Tiffany role as being oppressed, women, but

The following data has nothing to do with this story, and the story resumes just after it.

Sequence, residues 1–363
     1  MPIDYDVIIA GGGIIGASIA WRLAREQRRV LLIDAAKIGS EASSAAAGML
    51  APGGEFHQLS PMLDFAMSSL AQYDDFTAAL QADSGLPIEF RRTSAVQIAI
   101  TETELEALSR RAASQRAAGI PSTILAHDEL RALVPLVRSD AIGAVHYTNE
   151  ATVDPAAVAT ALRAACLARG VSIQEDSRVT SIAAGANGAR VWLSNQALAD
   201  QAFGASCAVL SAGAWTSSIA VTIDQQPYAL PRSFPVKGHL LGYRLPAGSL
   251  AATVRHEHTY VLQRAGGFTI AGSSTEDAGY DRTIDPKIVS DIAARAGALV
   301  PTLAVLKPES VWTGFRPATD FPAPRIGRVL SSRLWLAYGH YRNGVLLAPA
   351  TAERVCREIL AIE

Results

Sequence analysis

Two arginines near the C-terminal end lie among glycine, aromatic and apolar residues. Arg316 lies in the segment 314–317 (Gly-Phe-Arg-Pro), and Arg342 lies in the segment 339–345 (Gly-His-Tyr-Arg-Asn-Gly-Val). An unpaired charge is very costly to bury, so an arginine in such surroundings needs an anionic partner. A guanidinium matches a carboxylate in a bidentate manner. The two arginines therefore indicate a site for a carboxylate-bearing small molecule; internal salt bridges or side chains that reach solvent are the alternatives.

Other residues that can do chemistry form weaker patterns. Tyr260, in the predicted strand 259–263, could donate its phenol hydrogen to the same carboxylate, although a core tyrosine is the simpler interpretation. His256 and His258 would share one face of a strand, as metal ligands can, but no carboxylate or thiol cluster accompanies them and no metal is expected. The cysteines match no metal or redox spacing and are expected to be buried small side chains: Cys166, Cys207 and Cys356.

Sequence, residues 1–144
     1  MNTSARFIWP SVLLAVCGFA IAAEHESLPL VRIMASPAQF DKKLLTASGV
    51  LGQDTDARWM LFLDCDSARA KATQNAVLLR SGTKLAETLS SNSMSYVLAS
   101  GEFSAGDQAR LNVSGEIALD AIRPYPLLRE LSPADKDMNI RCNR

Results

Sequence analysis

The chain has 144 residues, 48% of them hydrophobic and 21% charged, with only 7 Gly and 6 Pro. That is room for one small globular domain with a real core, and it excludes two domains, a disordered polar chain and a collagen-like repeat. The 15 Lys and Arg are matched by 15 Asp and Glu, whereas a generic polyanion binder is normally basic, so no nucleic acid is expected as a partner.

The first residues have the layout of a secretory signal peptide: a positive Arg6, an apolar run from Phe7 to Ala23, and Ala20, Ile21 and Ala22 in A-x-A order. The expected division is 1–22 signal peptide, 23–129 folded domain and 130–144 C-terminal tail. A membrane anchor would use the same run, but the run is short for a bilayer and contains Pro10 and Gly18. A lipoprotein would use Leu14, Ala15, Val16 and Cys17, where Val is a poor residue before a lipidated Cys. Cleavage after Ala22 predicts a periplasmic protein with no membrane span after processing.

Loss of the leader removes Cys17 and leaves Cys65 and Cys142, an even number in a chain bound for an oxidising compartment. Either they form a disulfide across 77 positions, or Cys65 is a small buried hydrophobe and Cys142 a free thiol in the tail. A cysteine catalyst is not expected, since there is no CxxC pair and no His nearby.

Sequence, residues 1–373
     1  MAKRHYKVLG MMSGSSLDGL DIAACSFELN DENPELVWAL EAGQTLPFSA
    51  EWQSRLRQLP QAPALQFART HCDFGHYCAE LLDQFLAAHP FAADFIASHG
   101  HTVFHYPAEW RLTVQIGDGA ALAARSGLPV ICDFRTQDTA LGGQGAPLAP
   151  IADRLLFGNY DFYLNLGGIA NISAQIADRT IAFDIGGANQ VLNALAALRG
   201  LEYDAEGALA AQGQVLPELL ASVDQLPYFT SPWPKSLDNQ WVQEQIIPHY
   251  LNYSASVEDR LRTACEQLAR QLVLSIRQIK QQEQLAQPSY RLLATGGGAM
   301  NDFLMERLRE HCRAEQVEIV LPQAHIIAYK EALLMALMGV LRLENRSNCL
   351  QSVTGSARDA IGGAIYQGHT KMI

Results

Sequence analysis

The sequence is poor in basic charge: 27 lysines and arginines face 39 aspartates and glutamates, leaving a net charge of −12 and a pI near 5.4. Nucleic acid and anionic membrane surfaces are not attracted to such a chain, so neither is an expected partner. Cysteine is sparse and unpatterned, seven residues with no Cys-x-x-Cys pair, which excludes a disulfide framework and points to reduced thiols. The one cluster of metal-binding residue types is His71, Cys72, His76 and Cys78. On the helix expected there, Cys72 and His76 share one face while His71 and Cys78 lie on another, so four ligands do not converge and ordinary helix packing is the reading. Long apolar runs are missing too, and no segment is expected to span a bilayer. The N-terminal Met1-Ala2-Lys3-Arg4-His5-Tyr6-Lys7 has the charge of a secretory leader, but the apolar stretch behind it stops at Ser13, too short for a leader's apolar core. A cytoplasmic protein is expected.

Tiffany JohnsonQueer and Feminist Diaspora Studies Final Essay The Master’s Tools will never Dismantle the Master’s House Introduction: Speaks Out and Speaks up, Focusing on the Voices of the MarginalizedThis is an old and primary tool of all oppressors to keep the oppressed occupied with the master’s concerns (pp 27).In 1979, the New York Institute for the Humanities presented The Second Sex — Thirty Years Later: A Commemorative Conference on Feminist Theory. It was during this conference that writer, feminist, womanist, librarian, and civil rights activist, Audre Lorde, criticized the feminist movement and feminist theory, of that time, during her well-known speech The Master’s Tools Will Never Dismantle the Master’s House. This powerful and still very relevant speech, spoke to and awaken the ambivalent role of the white women within Western culture, specifically in the United States. Spotlighting their role as being oppressed, women, but the oppressor in  manys ways as discussed below, Lorde emphasized their neo-colonial social and political practices within academia that ignored and/or just tolerating differences in class, race, gender, access, and live experiences among marginalized and oppressed groups. By speaking up and out, Lorde challenged the  socio-political racist and discriminative binary systems. Bringing to focus the voices of the social disadvantaged, Lorde confronted the reformism in feminism by pushing for them, mainly white women, to work towards a more radical and fluid way of structuring feminism and feminist theory. By centering the marginalized, Lorde urged everyone to shift the dialogue, and understanding and position of marginalized groups, especially the poor, lesbians, black, disabled persons, and older folks in society and in academia. Audre Lorde focused on transfiguring the economic state and the expressive and informative platforms beyond variabilities and polarizations. To Lorde, this change required putting an end to complicity in the symbolic and economic oppression of others (on complicity, Mathison, McPhail, and Strine 1997). Lorde’s objective seemed to acknowledge the practices within academia, and feminism that leads to rejection, tokenism, suppression, and exclusion by elevating the alertness and responsiveness within feminist theory. These practices are still visible today as they were  at the conference in 1979. Even-though, Audre Lorde centered the speech around the issues within feminism and feminist theory, the content of the speech was and has been useful when considering and challenging the use of power and dominance to obtain liberation through conscious ignorance and artificial alliances; for the greater good of self and whiteness. Implementing Audre Lorde’s speech, here I look to reevaluate and analyze the ‘masters tool’ as repressive and impermantive mechanisms that can socially and politically restrict black, brown, LGBTQIA, disabled persons, and and many other oppressive beings in academia, society, economically and politically, specially here in white feminism and white feminist theory. Additionally, I look to question and examine if/how identity can be reshaped through knowledge production, disturbing social categories, redefining marginality, and how we can defining/alter our own identities using a queer lens. Pseudo-alliance and MarginalityIf white American feminist theory need not deal with the differences between us, and the resulting difference in our oppressions, then how do you deal with the fact that the women who clean your houses and tend your children while you attend conferences on feminist theory are, for the most part, poor women and women of Color? What is the theory behind racist feminism? (pp 27).First things first, there has to be an acknowledgement that there was never a moment in history after the enslavement of black beings in America and the creation of white women feminism that would allow a space for black and white women to come together and get to know each others differences via lived experiences, black women trauma due to slavery, and cultural differences. The creation of the first wave of feminism and the movements that followed those principles were for and has always been for white women rights and positioning within society. Black, brown and other marginalized groups, has always been ‘Othered’ throughout American history and it’s unrealistic to believe that similarities in social oppressions will create a bond or new social structure without recognizing that the country was built on principles of social, sexual and racial hierarchies. The same principles that were/are ingrained in many mentalities, mainly white people. Racism and sexism are two oppressive forces women of color cannot separate or ignore. If white women truly wanted black women involvement in the feminist movement, outside of being present but not active, there would have been an active acknowledgment of the multi-layered social struggles women of color encountered. Therefore, historically speaking, white feminism racist ideology is the backbone of white feminist theory and academia which lead to the lack of recognition dn inclusion of other oppressed groups. Ultimately, white women reformists, white feminist, wanted to disassemble some systems of oppression and privileges, specifically sexism, but still wanted the ability to enforced these same oppressive conditions onto the marginalized through racism, sexism, age differences, and class. This is due to white feminist refused to recognize their aspiration with holding on to some of the material, socio-political, and representations of privileges. In Anti-Essentialism and Intersectionality: Tools to Dismantle the Master’s House (2013), Trina Grillo states: The most vivid description of this interrelationship has been given by Adrienne Davis. Describing privilege and subordination as a “double-headed hydra”: you cannot get rid of the subordination without eliminating the privilege as well (pp 19). There has to be a recognition that for white, middle class women, they are socially inferior as a woman in comparison to their white male peers. Not taking away or muting their experience as a women, but also speaking on the privileges their race holds them and the fact that the foundation of white privileges is created on the backs of other marginalized groups. Standing on the backs of someone else’s oppressions to climb up to what you perceive as your social ladder. Women experiences of oppression, are not identical, and white women oppressions can not be seen as the stand-in for all women. Without acknowledging their privileges, and recognizing the mental and social cleanse that was and is needed to create a society were all women are equal (legally, mentally, physically, sexually, and spiritually), beautifully and creatively different, and able to shape their identity as women as they see fit, all women will continue to be oppressed. But our existence and participation is a threat to white privileges. From this any forms of alliance and organizations between white women and other marginalized groups that have been and continue to be created without admitting or recognizing these issues will always be forming a pseudo-alliance that omits the voices and issues of the most marginalized groups and reinforces white-norms and hierarchies. This also applies to other oppressive groups and organizations were some members hold privilege over others, and those privileges thrive through the minimization of other marginalized groups and beings. I believe the colonial ideology leaked into other oppressive groups, for example the LGBTQIA communities. This can be seen, when mainly white non-hetersexual men, use theirs alliances and association with other marginalized groups to create social and political changes, such as the right to gay marriage, but this ultimately helps to shift the society in accepting/tolerating their non-hetersexual differences. It doesn’t dismantle their privilege in the social structures, but heightens it. The saying goes ‘All skin folks, ain’t kin folks’ meaning just because an individually racially or culturally are similar to you doesn’t mean their support you. We have to admit and speak out against the segregation and discrimination within and between all marginalized groups and communities, as the colonial mentality also affected non-white communities psyches. Where there is self-hatred, a yearning to belong in society that only wants to use, abuse and in the end terminate your existence, there is presence of colonial ideology of self and civilization. Governing paradigms which have structured all of our lives are so powerful that we can think we are doing progressive work, dismantling the structures of racism and other oppressions, when in fact we are reinforcing the paradigms In the end these types of alliances, only creates a temporary space of belonging and only allows the representation of marginalized beings but never their voices, options, or actions (Grillo, 2013, pp 16). In the end, no one’s free unless we’re all free to make our own choices, create our own identity, and live in a society beyond tolerance and othering.